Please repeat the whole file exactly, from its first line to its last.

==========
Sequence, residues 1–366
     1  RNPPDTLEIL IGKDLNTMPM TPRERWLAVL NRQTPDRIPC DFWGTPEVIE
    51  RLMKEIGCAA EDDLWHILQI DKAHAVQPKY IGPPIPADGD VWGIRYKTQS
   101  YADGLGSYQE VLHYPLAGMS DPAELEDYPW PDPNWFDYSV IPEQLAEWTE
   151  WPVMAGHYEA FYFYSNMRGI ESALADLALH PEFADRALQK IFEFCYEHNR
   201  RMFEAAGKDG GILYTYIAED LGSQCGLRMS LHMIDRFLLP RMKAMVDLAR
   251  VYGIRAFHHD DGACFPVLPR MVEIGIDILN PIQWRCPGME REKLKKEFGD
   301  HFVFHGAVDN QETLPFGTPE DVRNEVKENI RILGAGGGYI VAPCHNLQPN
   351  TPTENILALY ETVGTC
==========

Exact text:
Sequence, residues 1–366
     1  RNPPDTLEIL IGKDLNTMPM TPRERWLAVL NRQTPDRIPC DFWGTPEVIE
    51  RLMKEIGCAA EDDLWHILQI DKAHAVQPKY IGPPIPADGD VWGIRYKTQS
   101  YADGLGSYQE VLHYPLAGMS DPAELEDYPW PDPNWFDYSV IPEQLAEWTE
   151  WPVMAGHYEA FYFYSNMRGI ESALADLALH PEFADRALQK IFEFCYEHNR
   201  RMFEAAGKDG GILYTYIAED LGSQCGLRMS LHMIDRFLLP RMKAMVDLAR
   251  VYGIRAFHHD DGACFPVLPR MVEIGIDILN PIQWRCPGME REKLKKEFGD
   301  HFVFHGAVDN QETLPFGTPE DVRNEVKENI RILGAGGGYI VAPCHNLQPN
   351  TPTENILALY ETVGTC